One of the many things I love about Italian food culture is how nothing is wasted.
In Italy, you use old bread for Pappa Pomodoro and Panzanella. You use leftover pasta or veggies to make a frittata, and you save your Parmigiano-Reggiano rinds to add amazing flavor to all kinds savory dishes.
Yes, you heard me right friends- these savory cheese rinds are one of the best kept Italian Kitchen secrets!
If you haven’t been saving your Parmigiano rinds- don’t worry- it’s not too late… When you are finished using the cheese, cut the rinds into small pieces and put them in a freezer-safe bag or container. Stash them in the freezer and you’re done!
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When we were living in Italy, we were spoiled silly being able to drive down the road and see how this magical food- known as the “King of Cheese” is made. We could buy excellent quality Parmigiano- Reggiano at our local grocery stores with our only thought being should I buy the 24 month or the 36 month today? (or even the 96 month at Eataly- drool…)
True Parmigiano-Reggiano is a DOP product, is only from a small area of Italy, in the provinces of Parma, Reggio Emilia, Modena, and parts of Bologna and Mantua. While the term “Parmesan” is sometimes used in Italy referring to Parmigiano-Reggiano, they are not the same thing anywhere else. In fact, outside of the EU cheese cannot be called Parmigiano-Reggiano unless it is a specifically stamped and approved DOP product.
Emilia-Romagna is quite a trek from us here in the Pacific Northwest, but don’t fret. You can find good quality Parmigiano-Reggiano in the US- you just have to know what to look for.
Start by skipping the “Parmesan” and only buying authentic Parmigiano-Reggiano imported from Italy. The quality is worth the price, believe me. The flavor is rich, complex and a little goes a long way. Look for the distinctive golden rind with the words Parmigiano-Reggiano on it. The rind is edible and not coated with anything toxic.
In Idaho, I buy mine locally. My favorite cheese shops in my area are in The Boise Co-Cop, Whole Foods, and the awesome Eagle Island Fred Meyer. You can also find good quality Parmigiano-Reggiano at Trader Joe’s and Costco.
If you have a specialty cheese store, I’d check with them first. If you don’t have any of these stores, you can also buy great quality Italian cheeses online from Murray’s Cheese & Gustiamo as well as others. Check out my Italian Pantry Staples for more resources.
Now you have some kitchen magic up your sleeve to pull out all winter long.
Here are my 6 favorite ways to use leftover Parmigiano-Reggiano rinds.
- Broth made with Parmigiano-Reggiano rinds is magic. (see below for the recipe) Use it to flavor risotto, for a simple tortellini in brodo that is vegetarian-friendly, or other dishes where a rich umami-filled broth would work.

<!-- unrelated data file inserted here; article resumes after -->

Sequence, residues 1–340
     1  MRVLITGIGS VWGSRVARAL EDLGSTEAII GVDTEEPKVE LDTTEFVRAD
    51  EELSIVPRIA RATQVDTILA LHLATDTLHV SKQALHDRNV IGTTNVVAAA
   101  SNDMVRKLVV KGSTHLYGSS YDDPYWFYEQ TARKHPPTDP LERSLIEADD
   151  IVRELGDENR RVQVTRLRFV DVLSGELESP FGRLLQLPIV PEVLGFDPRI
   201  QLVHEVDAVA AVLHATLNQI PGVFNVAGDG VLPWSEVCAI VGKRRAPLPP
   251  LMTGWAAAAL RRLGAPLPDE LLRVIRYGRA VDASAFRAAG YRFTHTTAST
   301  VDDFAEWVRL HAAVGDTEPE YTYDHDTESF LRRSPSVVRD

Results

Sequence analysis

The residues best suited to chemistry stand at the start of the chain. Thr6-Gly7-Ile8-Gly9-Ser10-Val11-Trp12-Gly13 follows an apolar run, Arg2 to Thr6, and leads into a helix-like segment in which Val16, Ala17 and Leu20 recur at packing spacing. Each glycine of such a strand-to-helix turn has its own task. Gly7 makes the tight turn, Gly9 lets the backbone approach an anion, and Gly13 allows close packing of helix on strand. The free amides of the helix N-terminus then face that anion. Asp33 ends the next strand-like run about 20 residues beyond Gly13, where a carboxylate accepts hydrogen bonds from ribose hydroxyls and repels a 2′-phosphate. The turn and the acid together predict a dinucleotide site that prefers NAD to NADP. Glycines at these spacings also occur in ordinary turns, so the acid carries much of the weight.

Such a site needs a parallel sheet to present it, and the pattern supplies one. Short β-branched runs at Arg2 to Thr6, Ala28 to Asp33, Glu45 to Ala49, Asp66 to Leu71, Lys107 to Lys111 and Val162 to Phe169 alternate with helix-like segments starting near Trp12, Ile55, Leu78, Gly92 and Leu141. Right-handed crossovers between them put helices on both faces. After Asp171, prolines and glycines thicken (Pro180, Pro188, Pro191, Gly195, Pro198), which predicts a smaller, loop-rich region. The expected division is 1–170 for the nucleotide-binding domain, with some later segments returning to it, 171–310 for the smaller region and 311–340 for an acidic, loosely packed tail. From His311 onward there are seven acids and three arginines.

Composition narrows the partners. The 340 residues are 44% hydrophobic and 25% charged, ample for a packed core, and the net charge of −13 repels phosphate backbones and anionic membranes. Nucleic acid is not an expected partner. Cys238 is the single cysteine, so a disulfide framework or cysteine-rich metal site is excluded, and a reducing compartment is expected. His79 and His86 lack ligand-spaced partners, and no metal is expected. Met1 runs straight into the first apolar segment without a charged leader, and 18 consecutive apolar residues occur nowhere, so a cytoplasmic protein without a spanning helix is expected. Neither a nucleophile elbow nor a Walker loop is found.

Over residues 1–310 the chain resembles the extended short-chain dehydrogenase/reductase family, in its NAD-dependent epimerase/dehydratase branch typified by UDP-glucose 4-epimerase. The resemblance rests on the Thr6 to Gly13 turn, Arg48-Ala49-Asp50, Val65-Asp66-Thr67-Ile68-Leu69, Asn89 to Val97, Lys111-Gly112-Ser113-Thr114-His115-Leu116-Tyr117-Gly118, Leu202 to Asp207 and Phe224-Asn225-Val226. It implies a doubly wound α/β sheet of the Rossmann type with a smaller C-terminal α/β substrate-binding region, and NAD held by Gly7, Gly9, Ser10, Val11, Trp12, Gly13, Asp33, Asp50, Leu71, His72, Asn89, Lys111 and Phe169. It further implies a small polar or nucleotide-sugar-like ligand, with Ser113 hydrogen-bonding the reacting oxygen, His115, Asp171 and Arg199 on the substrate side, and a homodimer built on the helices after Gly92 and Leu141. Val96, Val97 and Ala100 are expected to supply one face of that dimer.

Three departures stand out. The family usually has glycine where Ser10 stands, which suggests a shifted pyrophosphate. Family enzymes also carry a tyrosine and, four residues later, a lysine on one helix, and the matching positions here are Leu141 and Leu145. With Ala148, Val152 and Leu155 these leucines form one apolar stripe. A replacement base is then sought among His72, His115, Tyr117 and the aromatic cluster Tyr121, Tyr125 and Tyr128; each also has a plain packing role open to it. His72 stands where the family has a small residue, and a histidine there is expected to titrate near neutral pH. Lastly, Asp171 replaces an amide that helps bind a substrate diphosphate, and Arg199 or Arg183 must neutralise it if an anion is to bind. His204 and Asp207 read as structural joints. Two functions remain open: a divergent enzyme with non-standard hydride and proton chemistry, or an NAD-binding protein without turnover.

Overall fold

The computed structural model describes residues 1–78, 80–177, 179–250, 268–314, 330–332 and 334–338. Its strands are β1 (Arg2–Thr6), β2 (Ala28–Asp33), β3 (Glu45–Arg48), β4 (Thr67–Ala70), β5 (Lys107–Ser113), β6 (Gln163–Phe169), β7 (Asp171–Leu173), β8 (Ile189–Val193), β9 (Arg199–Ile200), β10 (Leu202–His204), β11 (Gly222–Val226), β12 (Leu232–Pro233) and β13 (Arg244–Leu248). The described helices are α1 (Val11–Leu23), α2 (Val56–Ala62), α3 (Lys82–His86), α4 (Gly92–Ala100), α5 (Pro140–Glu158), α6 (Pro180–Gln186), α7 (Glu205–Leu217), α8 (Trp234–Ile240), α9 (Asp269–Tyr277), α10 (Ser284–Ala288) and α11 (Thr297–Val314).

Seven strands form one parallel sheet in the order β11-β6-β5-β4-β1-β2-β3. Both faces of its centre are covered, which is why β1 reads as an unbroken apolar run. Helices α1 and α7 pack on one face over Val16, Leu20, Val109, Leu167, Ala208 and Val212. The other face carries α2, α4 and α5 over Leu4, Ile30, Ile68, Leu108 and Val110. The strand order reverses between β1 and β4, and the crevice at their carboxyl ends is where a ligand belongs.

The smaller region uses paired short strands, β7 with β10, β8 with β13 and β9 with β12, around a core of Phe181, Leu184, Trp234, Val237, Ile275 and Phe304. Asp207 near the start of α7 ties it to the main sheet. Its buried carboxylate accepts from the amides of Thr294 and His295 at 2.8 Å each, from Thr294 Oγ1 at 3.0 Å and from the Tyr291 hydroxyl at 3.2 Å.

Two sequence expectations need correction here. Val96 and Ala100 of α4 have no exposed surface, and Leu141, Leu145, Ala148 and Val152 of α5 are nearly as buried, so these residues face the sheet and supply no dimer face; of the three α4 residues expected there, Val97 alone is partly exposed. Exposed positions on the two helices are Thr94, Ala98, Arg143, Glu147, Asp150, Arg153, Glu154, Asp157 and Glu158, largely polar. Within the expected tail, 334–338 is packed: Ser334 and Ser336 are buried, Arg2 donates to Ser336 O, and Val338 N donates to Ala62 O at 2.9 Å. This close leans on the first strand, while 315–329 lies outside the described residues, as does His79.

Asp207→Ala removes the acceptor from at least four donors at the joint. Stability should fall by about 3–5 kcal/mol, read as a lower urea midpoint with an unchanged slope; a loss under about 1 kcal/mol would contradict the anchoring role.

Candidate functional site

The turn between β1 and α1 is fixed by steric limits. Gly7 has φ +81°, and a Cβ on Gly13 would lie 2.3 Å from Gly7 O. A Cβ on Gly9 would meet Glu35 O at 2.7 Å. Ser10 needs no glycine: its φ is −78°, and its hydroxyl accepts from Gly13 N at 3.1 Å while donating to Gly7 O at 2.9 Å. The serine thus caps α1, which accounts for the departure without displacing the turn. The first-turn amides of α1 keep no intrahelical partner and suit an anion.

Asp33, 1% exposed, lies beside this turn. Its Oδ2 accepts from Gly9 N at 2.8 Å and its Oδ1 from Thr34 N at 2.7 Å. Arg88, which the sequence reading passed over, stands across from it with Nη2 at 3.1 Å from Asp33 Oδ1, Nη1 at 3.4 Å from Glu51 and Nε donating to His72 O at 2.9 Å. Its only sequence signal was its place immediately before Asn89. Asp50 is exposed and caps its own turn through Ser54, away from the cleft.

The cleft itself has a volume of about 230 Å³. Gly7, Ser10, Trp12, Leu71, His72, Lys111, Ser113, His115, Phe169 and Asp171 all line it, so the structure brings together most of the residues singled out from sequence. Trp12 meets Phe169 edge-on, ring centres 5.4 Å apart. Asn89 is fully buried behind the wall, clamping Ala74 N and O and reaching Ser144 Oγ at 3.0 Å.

- Parmigiano-Reggiano Crisps, where have you been all my life? Taking the rinds and broiling them is nothing short of amazing, at least if you are a cheese lover like me. It’s the best toasty, chewy, savory, salty snack and perfect for aperitivo time with a glass of Prosecco. (best served when still warm and gooey- but still edible if you make ahead for later, they’ll just be crunchy)
- Soup. Add a small piece to soups for added flavor, especially any bean soup or Minestrone.
- Risotto becomes extra decadent and luscious with a hunk of rind added while cooking.
- Tomato Sauce Add some depth to your Tomato Sauce. It’s probably heresy, but I love to add some rind to Marcella’s simple tomato sauce. (My go to simple sauce for weeknight dinners)
- Beans Boost the flavor of a pot of beans by adding a fresh bay leaf and a small piece of rind while they cook. (really nice in a crock-pot IMHO)
- Olive Oil
- 1 Sweet onion, quartered
- 1 head of garlic, left whole and cut crosswise
- 1 handful of peppercorns
- 1 bay leaf
- 4-5 sprigs of fresh thyme
- 1 large handful of fresh Italian Parsley
- 2 c. Parmigiano-Reggiano rind pieces.
- 1 c. White Wine
- 8 c. Water
- Make a little herb bundle by tying the thyme and parsley together with kitchen twine.
- Heat 2 T. olive oil in a dutch oven or stock pot over medium low heat.
- Add garlic, onion, peppercorns, bay leaf and fresh herbs to the heated olive oil and cook over for about 5 minutes, or until golden brown- stirring occasionally so that the herbs don't burn.
- Add the wine, and stir carefully.
- Let the wine cook down until reduced by half.
- Add 8 cups of water & parm. rinds.
- Cook over low heat and stir occasionally so that the parmesan rinds don't stick to your pot.
- Cook 1-2 hours or until reduced by half.
- Taste and add salt if needed.
- Use immediately, or cool and refrigerate. (use within 3 days)
If you have a huge surplus of parmesan rinds, by all means, make a double or triple batch! But please note, this broth is rich and you won't need a mass amount to add a lot of flavor.
Let me know if you try any of these- or if you have tips or tricks that I missed!
p.s. You might like to peek at my Parmigiano-Reggiano Pinterest board– an ode to my love affair with this amazing cheese.